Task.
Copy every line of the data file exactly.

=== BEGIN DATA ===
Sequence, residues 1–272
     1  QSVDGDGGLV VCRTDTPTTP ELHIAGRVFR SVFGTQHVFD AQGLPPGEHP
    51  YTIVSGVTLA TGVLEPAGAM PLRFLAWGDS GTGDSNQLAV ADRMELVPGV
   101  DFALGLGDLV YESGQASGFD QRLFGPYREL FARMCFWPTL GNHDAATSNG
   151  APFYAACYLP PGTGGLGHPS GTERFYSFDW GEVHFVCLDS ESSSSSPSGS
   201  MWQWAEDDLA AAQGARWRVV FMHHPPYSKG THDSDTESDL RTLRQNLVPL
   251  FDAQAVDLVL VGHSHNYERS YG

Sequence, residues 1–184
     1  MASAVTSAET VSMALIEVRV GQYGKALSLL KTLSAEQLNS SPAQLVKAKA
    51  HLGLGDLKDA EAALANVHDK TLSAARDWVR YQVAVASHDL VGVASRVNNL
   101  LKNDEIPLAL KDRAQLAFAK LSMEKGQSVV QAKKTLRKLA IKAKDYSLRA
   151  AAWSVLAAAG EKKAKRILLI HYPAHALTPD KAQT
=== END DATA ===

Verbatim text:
Sequence, residues 1–272
     1  QSVDGDGGLV VCRTDTPTTP ELHIAGRVFR SVFGTQHVFD AQGLPPGEHP
    51  YTIVSGVTLA TGVLEPAGAM PLRFLAWGDS GTGDSNQLAV ADRMELVPGV
   101  DFALGLGDLV YESGQASGFD QRLFGPYREL FARMCFWPTL GNHDAATSNG
   151  APFYAACYLP PGTGGLGHPS GTERFYSFDW GEVHFVCLDS ESSSSSPSGS
   201  MWQWAEDDLA AAQGARWRVV FMHHPPYSKG THDSDTESDL RTLRQNLVPL
   251  FDAQAVDLVL VGHSHNYERS YG

Sequence, residues 1–184
     1  MASAVTSAET VSMALIEVRV GQYGKALSLL KTLSAEQLNS SPAQLVKAKA
    51  HLGLGDLKDA EAALANVHDK TLSAARDWVR YQVAVASHDL VGVASRVNNL
   101  LKNDEIPLAL KDRAQLAFAK LSMEKGQSVV QAKKTLRKLA IKAKDYSLRA
   151  AAWSVLAAAG EKKAKRILLI HYPAHALTPD KAQT